Even lower impact football helmet hits can cause concussion

A recent study conducted by Kevin M. Guskiewicz, Ph.D. and colleagues at the University of North Carolina, implies that high-impact blows will not necessarily produce concussions, nor will keeping impacts at moderate levels necessarily avoid them. The team recorded 104,714 total impacts: 1,858 of which were over 80 g, and 13 concussions. Of the impacts […]

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Preliminary study on new seizure medication shows some promising results.

The study, using lacosamide, was conducted over a 12 week period, and consisted of 405 adults with epilepsy who had an average of four seizures a month, with no seizure free period longer than 21 days or more than 8 weeks before the study began. According to Ed Susman, “Lacosamide, an investigational anti-epilepsy drug, appears […]

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Caution on the slopes

Recent studies show a dramatic increase in the amount of Brain Injuries among snowboarders and skiers. Higher speeds, more jumps, and acrobatics are a major contributor to this phenomena. One study stated that head injuries account for 28% of injuries among skiers and 33.5% among snowboarders of which 69.4% were concussions, and 14.3% resulted in […]

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Patients with heterotopia have dyslexic like symptoms

According to a small study of cases and controls published in the December 4th issue of Neurology, patients with heterotopia have dyslexic like symptoms. Specifically, patients with heterotopia have an increase of white matter in the brain that coincides with decreased reading fluency. According to the study, increased white matter is a determinate factor in […]

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Envy and gloating confined to ventromedial prefrontal cortex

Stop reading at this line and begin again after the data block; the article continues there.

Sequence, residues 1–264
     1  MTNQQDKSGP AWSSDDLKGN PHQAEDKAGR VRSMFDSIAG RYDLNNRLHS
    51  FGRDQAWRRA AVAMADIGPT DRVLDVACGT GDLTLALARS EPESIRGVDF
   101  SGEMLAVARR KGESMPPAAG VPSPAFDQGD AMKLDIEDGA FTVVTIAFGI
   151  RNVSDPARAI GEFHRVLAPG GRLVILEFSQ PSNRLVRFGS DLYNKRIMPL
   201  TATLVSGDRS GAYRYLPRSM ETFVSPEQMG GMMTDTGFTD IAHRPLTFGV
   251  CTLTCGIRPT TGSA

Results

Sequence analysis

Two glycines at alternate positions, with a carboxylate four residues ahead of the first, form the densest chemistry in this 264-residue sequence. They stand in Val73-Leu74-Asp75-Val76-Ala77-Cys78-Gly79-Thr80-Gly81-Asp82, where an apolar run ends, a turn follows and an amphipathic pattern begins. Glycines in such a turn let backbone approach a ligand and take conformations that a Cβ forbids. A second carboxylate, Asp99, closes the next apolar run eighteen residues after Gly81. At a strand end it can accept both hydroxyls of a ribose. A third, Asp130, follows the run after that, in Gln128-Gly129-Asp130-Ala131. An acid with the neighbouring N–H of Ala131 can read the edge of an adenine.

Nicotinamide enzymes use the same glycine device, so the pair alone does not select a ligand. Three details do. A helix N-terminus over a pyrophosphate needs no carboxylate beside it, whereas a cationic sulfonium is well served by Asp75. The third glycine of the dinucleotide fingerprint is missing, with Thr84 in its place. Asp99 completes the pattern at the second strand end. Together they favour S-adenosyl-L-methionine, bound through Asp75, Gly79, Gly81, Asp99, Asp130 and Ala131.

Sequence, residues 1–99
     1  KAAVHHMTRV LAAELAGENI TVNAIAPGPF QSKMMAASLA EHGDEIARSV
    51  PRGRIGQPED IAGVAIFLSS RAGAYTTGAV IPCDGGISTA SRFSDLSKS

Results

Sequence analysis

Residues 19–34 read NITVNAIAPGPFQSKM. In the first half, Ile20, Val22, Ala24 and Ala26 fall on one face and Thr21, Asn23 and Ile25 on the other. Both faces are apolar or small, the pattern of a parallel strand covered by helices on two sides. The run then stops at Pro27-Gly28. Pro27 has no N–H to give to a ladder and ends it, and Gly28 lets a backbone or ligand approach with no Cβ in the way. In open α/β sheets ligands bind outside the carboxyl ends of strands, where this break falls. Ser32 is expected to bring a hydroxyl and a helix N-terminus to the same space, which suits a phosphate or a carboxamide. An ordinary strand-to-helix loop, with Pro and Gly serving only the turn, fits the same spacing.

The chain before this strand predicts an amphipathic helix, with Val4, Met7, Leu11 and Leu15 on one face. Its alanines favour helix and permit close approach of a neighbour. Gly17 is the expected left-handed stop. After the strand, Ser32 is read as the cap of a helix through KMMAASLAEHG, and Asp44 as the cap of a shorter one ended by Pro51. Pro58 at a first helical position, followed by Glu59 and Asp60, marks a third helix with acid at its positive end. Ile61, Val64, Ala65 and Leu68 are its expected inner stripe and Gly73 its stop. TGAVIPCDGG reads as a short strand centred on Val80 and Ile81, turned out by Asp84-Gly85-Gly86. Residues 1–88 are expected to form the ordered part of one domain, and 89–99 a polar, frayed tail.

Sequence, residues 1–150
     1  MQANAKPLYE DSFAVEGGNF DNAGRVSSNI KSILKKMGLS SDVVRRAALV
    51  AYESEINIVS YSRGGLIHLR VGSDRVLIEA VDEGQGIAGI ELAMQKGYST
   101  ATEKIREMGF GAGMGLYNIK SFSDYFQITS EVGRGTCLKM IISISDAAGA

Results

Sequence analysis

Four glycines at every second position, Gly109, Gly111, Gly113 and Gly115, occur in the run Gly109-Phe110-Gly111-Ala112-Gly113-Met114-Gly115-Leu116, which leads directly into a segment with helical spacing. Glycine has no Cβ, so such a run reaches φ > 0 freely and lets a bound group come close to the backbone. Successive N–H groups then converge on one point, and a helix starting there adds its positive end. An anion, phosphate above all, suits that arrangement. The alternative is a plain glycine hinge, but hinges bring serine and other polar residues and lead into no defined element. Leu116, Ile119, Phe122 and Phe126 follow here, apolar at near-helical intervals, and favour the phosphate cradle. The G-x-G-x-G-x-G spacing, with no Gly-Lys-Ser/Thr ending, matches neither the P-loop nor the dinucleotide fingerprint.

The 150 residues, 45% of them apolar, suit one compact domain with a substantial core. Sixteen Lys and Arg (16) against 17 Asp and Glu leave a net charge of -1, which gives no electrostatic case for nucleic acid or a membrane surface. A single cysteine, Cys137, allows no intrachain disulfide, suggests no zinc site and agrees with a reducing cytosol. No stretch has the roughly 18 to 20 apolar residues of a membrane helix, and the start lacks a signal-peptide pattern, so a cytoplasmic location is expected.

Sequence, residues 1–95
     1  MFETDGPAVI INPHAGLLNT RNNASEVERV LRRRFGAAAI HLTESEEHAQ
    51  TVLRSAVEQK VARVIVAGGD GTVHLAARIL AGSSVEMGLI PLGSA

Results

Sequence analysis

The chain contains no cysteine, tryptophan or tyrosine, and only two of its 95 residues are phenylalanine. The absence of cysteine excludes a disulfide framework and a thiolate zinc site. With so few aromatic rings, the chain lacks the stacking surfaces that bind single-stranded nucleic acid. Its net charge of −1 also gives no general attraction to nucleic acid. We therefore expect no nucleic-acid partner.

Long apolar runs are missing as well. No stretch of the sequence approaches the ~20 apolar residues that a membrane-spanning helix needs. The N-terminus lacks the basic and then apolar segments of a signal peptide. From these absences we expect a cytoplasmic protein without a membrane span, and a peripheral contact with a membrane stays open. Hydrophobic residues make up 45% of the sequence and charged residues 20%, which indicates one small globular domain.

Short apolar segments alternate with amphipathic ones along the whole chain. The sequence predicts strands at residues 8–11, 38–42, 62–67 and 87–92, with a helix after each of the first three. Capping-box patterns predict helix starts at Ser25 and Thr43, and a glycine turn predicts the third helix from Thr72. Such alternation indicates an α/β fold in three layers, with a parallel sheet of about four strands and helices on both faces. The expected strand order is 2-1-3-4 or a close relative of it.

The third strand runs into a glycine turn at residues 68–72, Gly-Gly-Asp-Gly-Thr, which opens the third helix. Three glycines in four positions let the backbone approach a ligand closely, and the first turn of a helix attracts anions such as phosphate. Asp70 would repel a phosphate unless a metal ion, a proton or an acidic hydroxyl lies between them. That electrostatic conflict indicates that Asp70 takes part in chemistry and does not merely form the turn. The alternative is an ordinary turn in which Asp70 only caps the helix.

Emotions associated with social competitiveness may be linked to the ventromedial prefrontal cortex, according to a recent study. The study used a sample of 48 patients with lesions in differing areas of the brain and 35 patients who were healthy as controls. The patients were asked to perform simple cognitive and affective tasks to discover […]

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Further Evidence to Neurological Problems in Mentally Disordered Offenders

The research of Dorothy Lewis, MD has pointed to the neurological problems in the offender populations. Doctors Lewis and Pincus studied juvenile offenders and adults in the "Death Row" population noting a high prevalence of neurological symptoms, including brain injury. In a study by Seyed Assadi, MD et al, Neurological Soft Signs in Mentally Disordered […]

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Neuroendocrine Effects of TBI

In the Journal of Neuropsychiatry and Clinical Neuroscience 19; 4, Fall 2007, Micol Rothman, MD and his co-authors presented their research on neuroendocrine dysfunction after traumatic brain injury,( Neuroendocrine Effects of TBI ). Rothman and his fellow researchers state that neuroendocrine problems are often under-diagnosed and under-treated and may play a large role in determining […]

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Historical Brain Injury Summit

This past weekend, I had the honor of being involved in a history-making brain injury summit, held by the Brain Injury Association of America and the North American Brain Injury Society. A collaborative, cross-system initiative, the conference was a gathering of the most respected minds in brain injury, and the aim of the meeting was […]

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The High Price of a Bump on the Head

In a recent blog, Mike Mason spoke of the problems a woman he knew was experiencing following a "mild brain injury" As his comments illustrate, there is nothing mild about mild brain injury. The effects may take years to be recognized and can include cognitive, psychological and behavioral features which serve to obscure the accurate […]

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Treating Parkinson’s at a Price

Recently, Dr. Rolf Gainer forward me a news article by AP writer Lauran Neergaard about brain implants being used for Parkinson's patients–and it brings up interesting implications in brain injury treatment. The electronic implants are supposed to suppress the Parkinson's palsy in patients, but the procedure comes with a nasty side-effect. Implanted patients are becoming […]

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